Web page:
6. Under the Hindu Women's Rights to Property Act (XVIII of 1937), when a Hindu governed by the Benares school, as in the instant case, dies intestate, leaving separate property, his widow is entitled in respect of the property of which he dies intestate, to the same share as his son, and if he dies having at the time of his death an interest in the Hindu joint family property, his widow shall have in the property the same interest as he himself had. No doubt, this interest is what is known as Hindu Woman's Estate, with this exception that she has the same right for claiming partition as a male owner has. The widow has thus the statutory right to the interest of her husband at his death in the joint family properties or in his separate properties in respect of which he dies intestate, notwithstanding any rule of Hindu Law or custom to the contrary. The ornaments in dispute being the separate property of the defendant and not the joint family property or the separate property of her husband at his death, cannot be taken into account in determining her share in the property left by Sukhdeo, whether that property was joint family property or his separate property.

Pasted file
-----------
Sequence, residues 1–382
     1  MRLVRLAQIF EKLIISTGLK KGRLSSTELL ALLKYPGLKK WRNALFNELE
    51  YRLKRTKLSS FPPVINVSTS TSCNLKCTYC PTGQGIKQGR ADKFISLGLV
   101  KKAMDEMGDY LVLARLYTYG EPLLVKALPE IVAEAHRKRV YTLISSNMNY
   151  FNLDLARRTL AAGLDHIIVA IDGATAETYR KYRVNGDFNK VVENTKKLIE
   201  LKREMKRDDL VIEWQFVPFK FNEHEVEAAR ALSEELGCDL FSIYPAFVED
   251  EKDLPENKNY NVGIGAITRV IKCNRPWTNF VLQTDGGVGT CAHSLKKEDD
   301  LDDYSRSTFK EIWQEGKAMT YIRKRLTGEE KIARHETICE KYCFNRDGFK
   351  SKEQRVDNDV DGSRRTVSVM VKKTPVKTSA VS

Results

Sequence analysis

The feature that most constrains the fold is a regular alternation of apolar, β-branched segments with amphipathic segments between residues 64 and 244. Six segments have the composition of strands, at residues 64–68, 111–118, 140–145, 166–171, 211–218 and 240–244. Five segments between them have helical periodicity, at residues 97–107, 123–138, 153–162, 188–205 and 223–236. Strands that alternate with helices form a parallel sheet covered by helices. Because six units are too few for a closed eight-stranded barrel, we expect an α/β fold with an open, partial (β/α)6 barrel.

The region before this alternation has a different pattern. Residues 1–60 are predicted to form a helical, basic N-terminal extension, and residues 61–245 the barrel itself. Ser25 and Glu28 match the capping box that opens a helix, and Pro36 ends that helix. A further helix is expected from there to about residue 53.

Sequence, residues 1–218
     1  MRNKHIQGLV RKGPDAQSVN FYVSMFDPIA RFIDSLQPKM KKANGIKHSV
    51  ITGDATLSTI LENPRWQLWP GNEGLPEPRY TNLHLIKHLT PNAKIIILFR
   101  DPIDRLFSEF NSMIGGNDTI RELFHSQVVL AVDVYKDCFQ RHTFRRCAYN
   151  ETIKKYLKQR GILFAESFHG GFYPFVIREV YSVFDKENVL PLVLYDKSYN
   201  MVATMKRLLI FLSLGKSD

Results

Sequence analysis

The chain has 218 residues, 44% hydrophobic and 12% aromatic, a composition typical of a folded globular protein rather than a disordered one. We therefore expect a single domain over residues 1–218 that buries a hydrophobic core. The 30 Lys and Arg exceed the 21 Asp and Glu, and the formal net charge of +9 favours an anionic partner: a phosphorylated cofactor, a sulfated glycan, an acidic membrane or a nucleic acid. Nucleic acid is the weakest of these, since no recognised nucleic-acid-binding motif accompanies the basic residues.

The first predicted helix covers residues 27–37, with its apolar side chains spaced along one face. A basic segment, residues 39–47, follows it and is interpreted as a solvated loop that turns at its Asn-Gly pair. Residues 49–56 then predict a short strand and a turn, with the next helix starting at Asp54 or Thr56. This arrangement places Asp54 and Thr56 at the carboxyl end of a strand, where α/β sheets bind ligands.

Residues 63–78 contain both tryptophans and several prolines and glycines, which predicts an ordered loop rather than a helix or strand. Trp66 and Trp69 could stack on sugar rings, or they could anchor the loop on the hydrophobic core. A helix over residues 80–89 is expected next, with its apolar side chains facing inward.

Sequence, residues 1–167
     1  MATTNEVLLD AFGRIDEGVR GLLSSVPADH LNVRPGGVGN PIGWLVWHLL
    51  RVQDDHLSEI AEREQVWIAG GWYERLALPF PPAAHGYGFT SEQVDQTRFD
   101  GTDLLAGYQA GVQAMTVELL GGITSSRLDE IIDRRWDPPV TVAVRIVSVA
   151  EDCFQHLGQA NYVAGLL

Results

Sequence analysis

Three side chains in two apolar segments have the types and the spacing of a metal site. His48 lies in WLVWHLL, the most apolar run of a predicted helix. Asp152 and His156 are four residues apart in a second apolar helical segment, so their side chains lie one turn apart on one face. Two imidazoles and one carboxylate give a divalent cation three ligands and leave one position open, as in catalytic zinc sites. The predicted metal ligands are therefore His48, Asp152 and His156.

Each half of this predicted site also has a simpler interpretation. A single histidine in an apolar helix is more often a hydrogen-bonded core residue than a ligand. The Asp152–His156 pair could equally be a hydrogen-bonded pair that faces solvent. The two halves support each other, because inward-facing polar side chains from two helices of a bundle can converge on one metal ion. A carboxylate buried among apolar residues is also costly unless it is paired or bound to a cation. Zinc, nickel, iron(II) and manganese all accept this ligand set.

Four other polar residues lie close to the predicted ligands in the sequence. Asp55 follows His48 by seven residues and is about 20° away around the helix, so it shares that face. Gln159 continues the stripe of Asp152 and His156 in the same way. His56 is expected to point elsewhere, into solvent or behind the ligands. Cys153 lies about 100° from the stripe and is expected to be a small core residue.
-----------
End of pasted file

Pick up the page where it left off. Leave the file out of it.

7. The learned counsel for the respondents conceded grounds 9 to 11 of the memorandum of appeal. Consequently the amount payable to the defendant is reduced from Rs. 427-10-0 to Rs. 209-1-0.